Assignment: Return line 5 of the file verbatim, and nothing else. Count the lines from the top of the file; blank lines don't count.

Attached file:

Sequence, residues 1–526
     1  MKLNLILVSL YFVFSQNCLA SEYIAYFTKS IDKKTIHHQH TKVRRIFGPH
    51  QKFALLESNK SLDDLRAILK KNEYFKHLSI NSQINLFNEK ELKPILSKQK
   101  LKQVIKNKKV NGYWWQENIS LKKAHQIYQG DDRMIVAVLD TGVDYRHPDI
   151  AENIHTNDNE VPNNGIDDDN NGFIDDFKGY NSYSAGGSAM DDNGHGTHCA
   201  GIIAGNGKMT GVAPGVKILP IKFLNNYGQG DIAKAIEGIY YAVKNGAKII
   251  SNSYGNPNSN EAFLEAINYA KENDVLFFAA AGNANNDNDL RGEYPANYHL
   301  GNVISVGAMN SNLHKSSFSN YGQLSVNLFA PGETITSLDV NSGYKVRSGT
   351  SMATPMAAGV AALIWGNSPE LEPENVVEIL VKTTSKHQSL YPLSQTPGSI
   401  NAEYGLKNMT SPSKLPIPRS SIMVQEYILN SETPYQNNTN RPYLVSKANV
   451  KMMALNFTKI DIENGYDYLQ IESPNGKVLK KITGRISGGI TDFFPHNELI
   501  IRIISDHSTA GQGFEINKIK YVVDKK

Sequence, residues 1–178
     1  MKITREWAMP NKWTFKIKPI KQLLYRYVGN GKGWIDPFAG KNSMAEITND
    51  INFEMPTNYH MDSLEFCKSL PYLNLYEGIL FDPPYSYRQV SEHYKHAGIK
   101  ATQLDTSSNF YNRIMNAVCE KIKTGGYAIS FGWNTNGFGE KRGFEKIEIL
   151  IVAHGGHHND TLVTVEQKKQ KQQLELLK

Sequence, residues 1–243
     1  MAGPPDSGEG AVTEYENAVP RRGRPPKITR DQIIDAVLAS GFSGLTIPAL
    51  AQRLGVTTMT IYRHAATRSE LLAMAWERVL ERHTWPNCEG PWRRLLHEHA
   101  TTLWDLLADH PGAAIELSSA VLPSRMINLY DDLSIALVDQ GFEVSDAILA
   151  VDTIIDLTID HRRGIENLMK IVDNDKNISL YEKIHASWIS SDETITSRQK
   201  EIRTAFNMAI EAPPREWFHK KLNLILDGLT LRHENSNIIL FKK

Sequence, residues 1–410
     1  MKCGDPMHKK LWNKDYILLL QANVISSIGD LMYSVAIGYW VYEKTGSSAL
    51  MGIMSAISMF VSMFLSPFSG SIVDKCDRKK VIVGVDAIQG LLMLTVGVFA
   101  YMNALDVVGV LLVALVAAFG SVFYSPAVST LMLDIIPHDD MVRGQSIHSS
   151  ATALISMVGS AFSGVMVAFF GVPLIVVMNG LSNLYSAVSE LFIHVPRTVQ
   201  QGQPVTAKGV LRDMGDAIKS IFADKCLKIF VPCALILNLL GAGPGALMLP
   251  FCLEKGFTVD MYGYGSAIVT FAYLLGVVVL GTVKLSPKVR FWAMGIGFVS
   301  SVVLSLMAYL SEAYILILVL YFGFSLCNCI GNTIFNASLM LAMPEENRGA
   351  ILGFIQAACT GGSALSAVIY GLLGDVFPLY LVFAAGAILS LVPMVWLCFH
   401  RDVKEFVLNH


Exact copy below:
   151  AENIHTNDNE VPNNGIDDDN NGFIDDFKGY NSYSAGGSAM DDNGHGTHCA